Deep in the mountains of Northeast India, the workday begins with a treacherous, five-story climb down slippery bamboo ladders, with no safety gear and no emergency exits.
The young coal miner leading the way is named Pemba Tamang, a 17-year-old boy who has been working here since he was just 12 years old.
Along with hundreds of other children who are desperate enough, and small enough, he works this dangerous underground system of tunnels nicknamed "rat holes."
The children who work here are lured by the promise of good wages in a region where one in four young people are unemployed. They will work eight hours a day, six days a week, for the equivalent of a few U.S. dollars per day.
To meet these young miners, we traveled to the Indian state of Meghalaya, a region rich in coal in a country desperate for it-- India relies on coal for nearly half its electricity.
We traveled with Rosanna Lyngdoh, a co-founder of the nongovernmental group Impulse.
In 2010, Impulse discovered hundreds of children -- some as young as 9 -- working in the surrounding mines. Three years after the problem was first exposed, it is still easy to find children working in dangerous and often deadly conditions.
"There's a human rights violation everywhere here, you can see that." Lyngdoh told us.
Tamang is one of the boys Lyngdoh and her group has been following. He has been working in the mines for nearly five years, drawn to the occupation after his father, who was also a coal miner, died from health problems, leaving Tamang with nothing.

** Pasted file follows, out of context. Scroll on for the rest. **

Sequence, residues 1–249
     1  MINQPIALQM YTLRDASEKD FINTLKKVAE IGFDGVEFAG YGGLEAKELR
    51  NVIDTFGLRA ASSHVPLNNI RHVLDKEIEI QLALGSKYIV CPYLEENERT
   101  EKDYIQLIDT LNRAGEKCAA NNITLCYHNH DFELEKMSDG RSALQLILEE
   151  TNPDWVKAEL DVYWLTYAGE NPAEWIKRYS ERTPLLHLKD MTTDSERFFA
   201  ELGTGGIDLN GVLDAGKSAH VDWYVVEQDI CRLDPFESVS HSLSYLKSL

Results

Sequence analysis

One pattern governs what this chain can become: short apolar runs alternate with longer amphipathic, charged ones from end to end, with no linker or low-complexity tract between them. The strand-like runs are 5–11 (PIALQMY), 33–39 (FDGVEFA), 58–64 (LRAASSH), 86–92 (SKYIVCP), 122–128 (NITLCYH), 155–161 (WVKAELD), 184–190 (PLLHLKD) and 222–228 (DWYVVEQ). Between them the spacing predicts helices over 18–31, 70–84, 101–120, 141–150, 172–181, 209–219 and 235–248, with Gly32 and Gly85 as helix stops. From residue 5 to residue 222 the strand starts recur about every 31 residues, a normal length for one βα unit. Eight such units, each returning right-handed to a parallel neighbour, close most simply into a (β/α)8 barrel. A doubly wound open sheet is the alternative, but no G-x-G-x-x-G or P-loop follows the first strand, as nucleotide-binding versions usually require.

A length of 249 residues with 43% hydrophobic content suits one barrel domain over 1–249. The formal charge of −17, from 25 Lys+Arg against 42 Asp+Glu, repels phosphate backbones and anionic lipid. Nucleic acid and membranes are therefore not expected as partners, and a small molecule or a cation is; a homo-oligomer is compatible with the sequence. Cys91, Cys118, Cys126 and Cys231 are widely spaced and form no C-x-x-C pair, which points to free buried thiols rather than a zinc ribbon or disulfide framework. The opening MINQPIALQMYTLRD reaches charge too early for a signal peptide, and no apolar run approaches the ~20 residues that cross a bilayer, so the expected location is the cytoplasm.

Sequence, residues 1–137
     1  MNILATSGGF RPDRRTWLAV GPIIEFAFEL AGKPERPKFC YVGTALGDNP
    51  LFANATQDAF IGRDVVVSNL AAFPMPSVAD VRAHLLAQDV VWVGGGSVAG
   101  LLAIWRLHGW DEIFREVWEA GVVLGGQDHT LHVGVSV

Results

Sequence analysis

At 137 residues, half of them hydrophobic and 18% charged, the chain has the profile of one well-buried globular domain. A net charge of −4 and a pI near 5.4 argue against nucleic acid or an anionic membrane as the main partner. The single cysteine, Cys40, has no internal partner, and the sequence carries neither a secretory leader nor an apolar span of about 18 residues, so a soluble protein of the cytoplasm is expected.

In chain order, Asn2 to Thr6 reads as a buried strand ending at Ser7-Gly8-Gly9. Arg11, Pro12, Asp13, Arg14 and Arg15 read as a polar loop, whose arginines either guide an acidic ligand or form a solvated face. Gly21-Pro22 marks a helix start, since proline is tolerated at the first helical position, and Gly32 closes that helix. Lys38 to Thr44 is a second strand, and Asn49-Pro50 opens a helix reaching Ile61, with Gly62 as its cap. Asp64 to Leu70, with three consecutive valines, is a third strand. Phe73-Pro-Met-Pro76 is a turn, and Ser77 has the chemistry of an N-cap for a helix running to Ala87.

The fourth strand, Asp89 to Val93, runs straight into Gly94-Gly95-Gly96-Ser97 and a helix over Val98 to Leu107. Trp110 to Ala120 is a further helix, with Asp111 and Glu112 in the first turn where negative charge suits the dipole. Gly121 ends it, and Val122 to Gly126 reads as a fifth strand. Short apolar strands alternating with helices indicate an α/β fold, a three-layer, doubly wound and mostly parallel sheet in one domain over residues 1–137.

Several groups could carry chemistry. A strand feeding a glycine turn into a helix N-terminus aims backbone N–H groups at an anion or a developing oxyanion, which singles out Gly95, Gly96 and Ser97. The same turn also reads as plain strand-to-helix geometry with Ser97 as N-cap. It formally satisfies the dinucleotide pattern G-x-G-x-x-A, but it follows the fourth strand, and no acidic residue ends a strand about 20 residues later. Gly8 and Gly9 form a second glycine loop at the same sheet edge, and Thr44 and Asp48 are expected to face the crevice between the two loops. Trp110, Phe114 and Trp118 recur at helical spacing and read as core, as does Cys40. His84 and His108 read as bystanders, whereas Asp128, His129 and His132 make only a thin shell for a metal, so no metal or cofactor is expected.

Tamang said he begins his work each day at 5 a.m. by climbing into the giant pits, some hundreds of feet deep. He will then crawl into the small openings at the bottom, which stretch horizontally into the earth, and dig for coal for up to eight hours a day.
Tamang can expect to collect about two cart loads per day, worth about 500 rupees, or roughly $8.60.
This kind of child labor is banned under India's Mines Act of 1952. The law prohibits anyone under age 18 from working in the country's coal mines.
But enforcing the law is complicated, since it is left up to each state.
Also, India's Constitution says the tribal and native people have first say over the land -- opening the door for those eager to make money in the coal-rich state.
Because the children are small, they fit easily into the small tunnels, often no more than two feet high.
Young miners we met during our visit shared stories of horrific accidents -- roof collapses that killed fellow workers. Often those trapped have no way out, and little effort is made to save them.
Our visit coincided with the beginning of monsoon season in Northeast India, which brings the added threat of flash flooding. The region is also at high risk for a major earthquake. Tremors are felt nearly every day.
Tamang took "Nightline" into the confusing and dangerous system of tunnels -- a frightening journey lead only by dim flashlights.
He also shares with us his dream for the future, by taking us to a local school, to meet the reason he continues to risk his life every day.
Watch ABC's Bob Woodruff's journey into northeast India's "rat holes" HERE